I tend to fly less these days, so am able to appreciate again the joys of air travel.
October 18, 2007
October 17, 2007
Those of you who know me know that photography is one of my passions. I made the leap to digital several years ago, and have had a wonderful time with my little Canon Powershot S30. But (you knew there was a but coming) I cannot count the number of times I've wished that I had my lenses with me.
Well, after years of reading reviews, specs, and lots of touching, I finally came to the conclusion that the right camera for me is the Canon 40D. Picked up the body yesterday and ooooh baby, is it the coolest! My lenses are so happy to be back in circulation. The only question is what to do with my old film body?
October 15, 2007
That is all now in the past, and there is an immense sense of satisfaction in getting it all done, and done well. The secret my friends is not new and not earth-shattering. It is simply this:
1. Write it all down
2. Prioritize each item
3. Break each item into small do-able parts
4. Create a compelling event when each little piece must be done
5. Track all little pieces each week
6. Complete projects
7. Give yourself a a well deserved pat on the back AND
8. A little breathing room before you plunge into the next list of projects ahead.
October 8, 2007
Not sure how I stumbled across this book, but I found it an quick and interesting read. It's told from the POV of a young girl in 17th century Persia who is much loved by her family. Dad dies, and they have to move to the city to seek shelter with Dad's half-brother, and are essentially treated as servants. The girl (who has no name in the book), is fascinated by rug making and is a quick study. The book follows her life, and though at times I wanted it to hurry up already, for the most part it held my interest. I find the entire idea of a short-term marriage fascinating on so many levels. If both parties agree, they can have relations without the legal bindings that go into any long-term support of the woman and her extended family. Creative moral loop-holes are found in almost every religion and culture and I'm always intrigued by them.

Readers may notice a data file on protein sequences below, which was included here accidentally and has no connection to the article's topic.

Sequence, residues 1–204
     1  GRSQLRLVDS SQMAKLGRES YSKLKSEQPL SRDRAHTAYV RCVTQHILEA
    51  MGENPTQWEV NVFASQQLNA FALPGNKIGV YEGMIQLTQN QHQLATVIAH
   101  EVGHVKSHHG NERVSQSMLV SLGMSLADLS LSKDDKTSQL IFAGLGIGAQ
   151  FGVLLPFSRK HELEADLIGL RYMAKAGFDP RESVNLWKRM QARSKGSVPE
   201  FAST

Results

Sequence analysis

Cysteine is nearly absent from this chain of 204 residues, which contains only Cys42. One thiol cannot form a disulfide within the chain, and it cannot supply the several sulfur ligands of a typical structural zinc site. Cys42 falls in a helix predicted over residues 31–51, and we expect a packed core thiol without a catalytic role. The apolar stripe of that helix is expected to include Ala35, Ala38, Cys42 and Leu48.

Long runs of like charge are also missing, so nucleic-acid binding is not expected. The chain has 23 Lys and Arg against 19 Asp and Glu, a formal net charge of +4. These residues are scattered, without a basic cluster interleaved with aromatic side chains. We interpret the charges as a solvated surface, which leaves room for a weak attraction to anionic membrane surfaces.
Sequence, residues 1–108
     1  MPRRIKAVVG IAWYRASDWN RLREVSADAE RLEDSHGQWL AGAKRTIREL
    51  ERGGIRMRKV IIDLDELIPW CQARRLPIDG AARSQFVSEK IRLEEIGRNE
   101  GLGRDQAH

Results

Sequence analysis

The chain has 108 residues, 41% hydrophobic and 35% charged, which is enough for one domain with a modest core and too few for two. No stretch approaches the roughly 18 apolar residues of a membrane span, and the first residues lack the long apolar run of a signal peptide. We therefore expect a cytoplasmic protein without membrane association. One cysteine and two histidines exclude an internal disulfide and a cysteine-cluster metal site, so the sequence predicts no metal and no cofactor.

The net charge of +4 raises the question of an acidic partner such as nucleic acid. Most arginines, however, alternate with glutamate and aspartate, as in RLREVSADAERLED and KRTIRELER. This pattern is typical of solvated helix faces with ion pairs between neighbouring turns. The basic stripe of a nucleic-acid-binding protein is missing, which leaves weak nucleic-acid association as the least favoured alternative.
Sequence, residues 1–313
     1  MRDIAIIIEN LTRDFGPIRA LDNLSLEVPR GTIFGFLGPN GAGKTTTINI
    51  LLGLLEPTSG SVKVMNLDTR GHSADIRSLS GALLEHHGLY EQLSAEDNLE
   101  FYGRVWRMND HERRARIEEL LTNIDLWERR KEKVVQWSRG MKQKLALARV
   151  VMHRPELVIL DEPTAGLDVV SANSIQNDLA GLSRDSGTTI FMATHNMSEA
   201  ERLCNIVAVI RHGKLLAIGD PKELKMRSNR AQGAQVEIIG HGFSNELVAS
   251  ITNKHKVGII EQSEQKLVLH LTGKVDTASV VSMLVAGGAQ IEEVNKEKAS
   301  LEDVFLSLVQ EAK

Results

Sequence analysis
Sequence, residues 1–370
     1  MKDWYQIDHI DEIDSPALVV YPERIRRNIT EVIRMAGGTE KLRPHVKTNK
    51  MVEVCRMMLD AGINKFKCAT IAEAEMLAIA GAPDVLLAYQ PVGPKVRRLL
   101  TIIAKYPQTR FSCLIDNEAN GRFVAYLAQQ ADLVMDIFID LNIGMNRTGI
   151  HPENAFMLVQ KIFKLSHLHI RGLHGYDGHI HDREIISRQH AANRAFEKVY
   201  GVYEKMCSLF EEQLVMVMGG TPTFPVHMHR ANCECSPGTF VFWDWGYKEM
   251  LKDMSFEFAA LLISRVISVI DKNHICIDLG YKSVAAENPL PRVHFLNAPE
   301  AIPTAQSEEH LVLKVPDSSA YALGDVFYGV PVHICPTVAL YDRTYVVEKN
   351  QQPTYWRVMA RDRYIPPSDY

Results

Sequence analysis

2. A Three Dog Night by Abigail Thomas
Another fascinating book that I stumbled upon. We've all read about the heart-breaking stories of what happens to a woman when her husband dies. This amazing gem of a book is a memoir of a woman whose husband does not die, but suffers brain trauma. It is a small, amazingly written book about how she copes and thrives. It takes one's breath away to read her story.
3. Harry Potter and the Deathly Hallows (Book 7)
The last in the series, and I was really looking forward to it. What a disappointment! I think she simply ran out of story. I have really enjoyed reading most of the books in the Potter series, but this one did not grab me even at the halfway point. I especially disliked the final chapter - the view into the future - a little too Hollywood for me. Ah well, cannot expect every read to be brilliant I suppose.
October 7, 2007
Left page detail:
Right page detail:
October 4, 2007
Told in the same witty and self-deprecating style of his other memoirs, this is the story of his 30 years as a high school teacher in New York. I enjoyed every minute of it. McCourt has a wonderful way of blending current and past events in his life in a seamless, highly entertaining story. Every teacher should read this. Actually anyone who attended high school should read this. And since he reads the audio book himself, you really get a sense of having been to long dinners with him.